Aeolidia papillosa from the White Sea

September 8, 1999
From: Irina Roginskaya

Dear Bill!
Are you interested in Aeolidia papillosa from the White Sea? Here are photos of A. papillosa collected near the White Sea Biological Station of Moscow State University at Kandalaksha Bay. The one in colour and a specimen, eating the actiniarian, I took in September 1987; the specimen sliding over sandy bottom - a year earlier. A. papillosa is one of the commonest nudibranchs in the vicinity of the Biological Station and one of the largest : some specimens could attain as long as 70 mm. They are preying on two species of actiniarians: Bunodactis stella (Verrill) (= Aulactinia stella (Verrill) according to Dunn,Chia and Levine, 1980) in the littoral environment, and on Metridium senile (Verrill) in the sublittoral zone. During the long spawning period of A. papillosa, from June up to the end of September, the spirally coiled festoon shaped egg-strings of the species can be regularly seen attached to the stems of Zostera, stones and empty shells of Bivalvia. The largest egg-masses may contain up to millions of eggs. Producing the large egg masses may take A. papillosa as much as 16-18 hours. There are usually more than one egg in the egg-capsule, sometimes - up to 19 eggs. The diameter of the fertilized eggs is 78-80 microns.

P.S. The colour photo had been published in Roginskaya I.S. & Reller N.B. (1991) Nudibranchia versus Cnidaria, Priroda, 9: 64-70.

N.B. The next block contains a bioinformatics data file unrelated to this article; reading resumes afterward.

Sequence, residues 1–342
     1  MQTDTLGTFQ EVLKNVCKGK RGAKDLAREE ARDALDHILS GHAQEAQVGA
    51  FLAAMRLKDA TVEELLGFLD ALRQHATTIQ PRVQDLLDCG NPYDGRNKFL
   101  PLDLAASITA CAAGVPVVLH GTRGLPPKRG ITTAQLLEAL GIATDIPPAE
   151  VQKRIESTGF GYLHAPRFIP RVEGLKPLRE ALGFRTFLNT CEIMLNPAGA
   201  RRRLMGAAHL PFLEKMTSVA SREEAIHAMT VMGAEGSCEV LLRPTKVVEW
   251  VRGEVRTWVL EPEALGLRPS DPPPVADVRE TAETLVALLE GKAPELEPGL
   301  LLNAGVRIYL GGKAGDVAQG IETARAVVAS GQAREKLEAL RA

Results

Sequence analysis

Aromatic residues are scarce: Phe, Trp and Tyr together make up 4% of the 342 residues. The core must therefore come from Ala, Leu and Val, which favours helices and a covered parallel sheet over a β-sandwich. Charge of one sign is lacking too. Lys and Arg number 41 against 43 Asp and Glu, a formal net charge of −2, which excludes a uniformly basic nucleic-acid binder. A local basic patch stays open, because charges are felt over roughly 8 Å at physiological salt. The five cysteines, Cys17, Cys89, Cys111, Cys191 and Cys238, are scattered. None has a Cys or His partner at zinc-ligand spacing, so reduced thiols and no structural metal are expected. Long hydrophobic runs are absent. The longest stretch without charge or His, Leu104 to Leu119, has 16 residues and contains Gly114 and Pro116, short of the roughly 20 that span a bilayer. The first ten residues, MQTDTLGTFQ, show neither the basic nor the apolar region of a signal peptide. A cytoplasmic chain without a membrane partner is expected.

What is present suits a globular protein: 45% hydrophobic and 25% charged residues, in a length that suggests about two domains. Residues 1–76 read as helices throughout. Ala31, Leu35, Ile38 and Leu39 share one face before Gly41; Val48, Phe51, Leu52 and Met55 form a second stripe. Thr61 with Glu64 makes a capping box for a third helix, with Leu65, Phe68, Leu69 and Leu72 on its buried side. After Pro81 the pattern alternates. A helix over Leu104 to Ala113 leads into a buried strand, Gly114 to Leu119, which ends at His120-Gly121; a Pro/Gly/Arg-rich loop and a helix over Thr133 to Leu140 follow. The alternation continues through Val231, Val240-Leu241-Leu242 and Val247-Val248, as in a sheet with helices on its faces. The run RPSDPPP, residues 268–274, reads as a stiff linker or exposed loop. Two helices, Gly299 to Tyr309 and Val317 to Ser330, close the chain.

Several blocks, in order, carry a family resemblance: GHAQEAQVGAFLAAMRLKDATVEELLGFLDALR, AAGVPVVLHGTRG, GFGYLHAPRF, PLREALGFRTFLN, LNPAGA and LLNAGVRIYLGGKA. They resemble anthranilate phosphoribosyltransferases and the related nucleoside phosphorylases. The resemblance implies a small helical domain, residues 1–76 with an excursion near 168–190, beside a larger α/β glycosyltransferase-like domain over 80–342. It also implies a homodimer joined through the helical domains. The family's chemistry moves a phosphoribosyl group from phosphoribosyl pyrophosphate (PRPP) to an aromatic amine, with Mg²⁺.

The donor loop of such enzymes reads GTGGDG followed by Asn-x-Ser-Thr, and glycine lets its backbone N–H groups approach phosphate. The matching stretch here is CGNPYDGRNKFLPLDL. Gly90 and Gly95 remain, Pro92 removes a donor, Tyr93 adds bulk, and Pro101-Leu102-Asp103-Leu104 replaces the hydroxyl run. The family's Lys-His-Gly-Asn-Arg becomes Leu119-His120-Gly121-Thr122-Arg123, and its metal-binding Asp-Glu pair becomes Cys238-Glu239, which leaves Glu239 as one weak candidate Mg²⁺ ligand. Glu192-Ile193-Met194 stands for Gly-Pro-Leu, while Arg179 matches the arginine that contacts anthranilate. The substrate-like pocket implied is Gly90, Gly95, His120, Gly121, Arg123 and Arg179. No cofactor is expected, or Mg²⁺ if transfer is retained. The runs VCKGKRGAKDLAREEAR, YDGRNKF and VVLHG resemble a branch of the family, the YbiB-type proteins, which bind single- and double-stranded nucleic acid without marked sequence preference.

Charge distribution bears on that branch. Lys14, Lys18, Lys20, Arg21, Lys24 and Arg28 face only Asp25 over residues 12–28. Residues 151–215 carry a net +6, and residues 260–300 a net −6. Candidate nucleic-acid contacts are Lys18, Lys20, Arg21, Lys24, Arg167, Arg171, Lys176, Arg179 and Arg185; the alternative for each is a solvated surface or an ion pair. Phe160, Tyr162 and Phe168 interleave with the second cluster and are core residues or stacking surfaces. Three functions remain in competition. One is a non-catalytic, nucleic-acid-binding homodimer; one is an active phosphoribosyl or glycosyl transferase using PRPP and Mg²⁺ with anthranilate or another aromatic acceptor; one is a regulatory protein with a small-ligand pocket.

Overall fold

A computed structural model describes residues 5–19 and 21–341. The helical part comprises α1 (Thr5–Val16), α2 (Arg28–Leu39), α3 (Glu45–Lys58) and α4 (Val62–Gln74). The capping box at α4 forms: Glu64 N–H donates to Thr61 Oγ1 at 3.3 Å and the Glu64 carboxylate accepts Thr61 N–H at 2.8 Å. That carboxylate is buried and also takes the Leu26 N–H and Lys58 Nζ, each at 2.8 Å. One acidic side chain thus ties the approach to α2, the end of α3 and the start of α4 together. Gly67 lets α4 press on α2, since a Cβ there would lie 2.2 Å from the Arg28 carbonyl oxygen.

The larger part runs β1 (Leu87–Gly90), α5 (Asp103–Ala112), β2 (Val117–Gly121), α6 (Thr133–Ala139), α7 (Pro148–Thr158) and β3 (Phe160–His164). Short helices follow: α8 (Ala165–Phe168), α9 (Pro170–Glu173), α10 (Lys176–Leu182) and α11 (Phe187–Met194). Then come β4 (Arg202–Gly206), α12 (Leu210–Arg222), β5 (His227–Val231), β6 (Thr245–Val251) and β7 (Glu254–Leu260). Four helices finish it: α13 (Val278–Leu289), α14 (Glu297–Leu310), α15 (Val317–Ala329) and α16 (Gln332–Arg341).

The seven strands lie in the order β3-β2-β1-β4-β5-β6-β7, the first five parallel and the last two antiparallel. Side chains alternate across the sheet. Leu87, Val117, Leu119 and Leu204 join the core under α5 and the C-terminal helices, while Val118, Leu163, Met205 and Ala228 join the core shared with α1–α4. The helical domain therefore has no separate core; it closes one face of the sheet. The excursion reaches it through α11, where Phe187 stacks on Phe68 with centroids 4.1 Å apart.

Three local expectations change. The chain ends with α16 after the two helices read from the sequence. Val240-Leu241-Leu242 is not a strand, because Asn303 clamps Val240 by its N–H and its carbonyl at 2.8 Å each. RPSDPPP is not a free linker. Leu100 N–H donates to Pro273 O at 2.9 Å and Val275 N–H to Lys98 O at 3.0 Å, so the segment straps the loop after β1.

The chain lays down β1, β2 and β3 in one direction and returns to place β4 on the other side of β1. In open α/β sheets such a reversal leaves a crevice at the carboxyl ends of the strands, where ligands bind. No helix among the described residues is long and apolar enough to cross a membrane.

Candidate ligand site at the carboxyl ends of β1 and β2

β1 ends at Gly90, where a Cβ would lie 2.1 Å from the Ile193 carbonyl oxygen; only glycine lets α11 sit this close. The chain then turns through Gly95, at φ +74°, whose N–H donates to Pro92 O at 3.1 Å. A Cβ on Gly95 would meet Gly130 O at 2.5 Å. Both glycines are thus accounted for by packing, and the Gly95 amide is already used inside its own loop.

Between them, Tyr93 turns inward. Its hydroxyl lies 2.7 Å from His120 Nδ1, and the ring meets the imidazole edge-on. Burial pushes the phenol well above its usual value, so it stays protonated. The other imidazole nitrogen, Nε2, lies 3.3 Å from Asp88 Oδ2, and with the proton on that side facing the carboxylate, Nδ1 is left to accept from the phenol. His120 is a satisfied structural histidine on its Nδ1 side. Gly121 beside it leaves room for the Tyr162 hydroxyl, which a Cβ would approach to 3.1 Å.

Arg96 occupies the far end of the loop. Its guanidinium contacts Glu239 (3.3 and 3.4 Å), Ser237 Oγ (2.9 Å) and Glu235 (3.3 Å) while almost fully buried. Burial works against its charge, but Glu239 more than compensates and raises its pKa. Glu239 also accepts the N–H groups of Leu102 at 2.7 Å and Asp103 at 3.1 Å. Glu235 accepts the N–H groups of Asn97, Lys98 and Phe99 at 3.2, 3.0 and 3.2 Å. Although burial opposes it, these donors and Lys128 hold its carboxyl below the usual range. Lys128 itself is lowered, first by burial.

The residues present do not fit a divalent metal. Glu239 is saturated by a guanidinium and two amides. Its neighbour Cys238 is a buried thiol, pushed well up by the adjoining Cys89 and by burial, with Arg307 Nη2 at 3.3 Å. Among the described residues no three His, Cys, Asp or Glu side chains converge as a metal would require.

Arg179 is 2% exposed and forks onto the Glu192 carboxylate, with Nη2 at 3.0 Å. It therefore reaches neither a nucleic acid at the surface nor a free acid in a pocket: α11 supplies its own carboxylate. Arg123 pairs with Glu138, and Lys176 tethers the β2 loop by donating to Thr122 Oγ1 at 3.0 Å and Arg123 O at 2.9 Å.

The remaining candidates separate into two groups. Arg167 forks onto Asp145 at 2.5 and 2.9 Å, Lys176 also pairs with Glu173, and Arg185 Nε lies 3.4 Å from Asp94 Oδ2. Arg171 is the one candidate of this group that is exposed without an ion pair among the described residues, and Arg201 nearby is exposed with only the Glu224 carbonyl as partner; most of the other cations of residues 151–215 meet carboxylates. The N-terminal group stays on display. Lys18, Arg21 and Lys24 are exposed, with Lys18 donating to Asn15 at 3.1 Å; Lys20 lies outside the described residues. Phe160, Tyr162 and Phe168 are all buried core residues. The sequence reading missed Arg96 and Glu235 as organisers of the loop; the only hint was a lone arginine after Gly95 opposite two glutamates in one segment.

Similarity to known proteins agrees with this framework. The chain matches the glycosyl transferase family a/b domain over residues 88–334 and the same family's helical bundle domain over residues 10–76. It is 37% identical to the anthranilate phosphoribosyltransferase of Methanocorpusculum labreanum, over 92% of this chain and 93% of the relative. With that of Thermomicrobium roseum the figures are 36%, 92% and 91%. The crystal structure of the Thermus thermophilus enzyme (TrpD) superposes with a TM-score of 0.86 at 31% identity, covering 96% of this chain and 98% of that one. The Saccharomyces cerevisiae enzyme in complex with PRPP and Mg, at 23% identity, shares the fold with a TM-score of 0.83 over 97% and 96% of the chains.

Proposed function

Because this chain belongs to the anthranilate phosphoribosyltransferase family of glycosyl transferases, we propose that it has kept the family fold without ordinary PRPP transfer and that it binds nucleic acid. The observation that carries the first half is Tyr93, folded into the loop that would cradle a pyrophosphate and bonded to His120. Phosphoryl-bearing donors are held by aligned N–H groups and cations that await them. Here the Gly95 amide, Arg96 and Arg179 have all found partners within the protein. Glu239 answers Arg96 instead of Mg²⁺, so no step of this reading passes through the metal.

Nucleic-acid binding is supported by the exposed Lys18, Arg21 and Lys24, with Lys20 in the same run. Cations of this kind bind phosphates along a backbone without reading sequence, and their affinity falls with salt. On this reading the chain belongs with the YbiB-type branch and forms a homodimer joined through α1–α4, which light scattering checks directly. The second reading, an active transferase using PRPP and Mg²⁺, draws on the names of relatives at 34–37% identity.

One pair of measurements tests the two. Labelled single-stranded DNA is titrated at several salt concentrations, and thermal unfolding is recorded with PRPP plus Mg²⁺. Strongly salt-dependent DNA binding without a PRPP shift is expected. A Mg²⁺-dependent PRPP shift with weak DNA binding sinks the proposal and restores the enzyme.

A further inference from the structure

Best wishes,

Dear Irina,
Of course we're interested in Aeolidia from the White Sea. The photo of it eating the small anemone is interesting because it seems to be exhibiting the behaviour I described for Spurilla australis in Australia. I have only seen S. australis feeding on a relatively small anemone, Cricophorus nutrix which lives on laminarian brown algae. The anemone quickly releases its hold on the algae when disturbed, so that it falls off and escapes. In an apparent behavioural 'trick' to avoid losing the anemone, Spurilla australis wraps its oral tentacles around the anemone as it takes a bite. This seems to be what your Aeolidia is doing in the photo.
Bill Rudman.

Rudman, W.B., 1999 (Sep 8). Comment on Aeolidia papillosa from the White Sea by Irina Roginskaya. [Message in] Sea Slug Forum. Australian Museum, Sydney. Available from


Aeolidia papillosa

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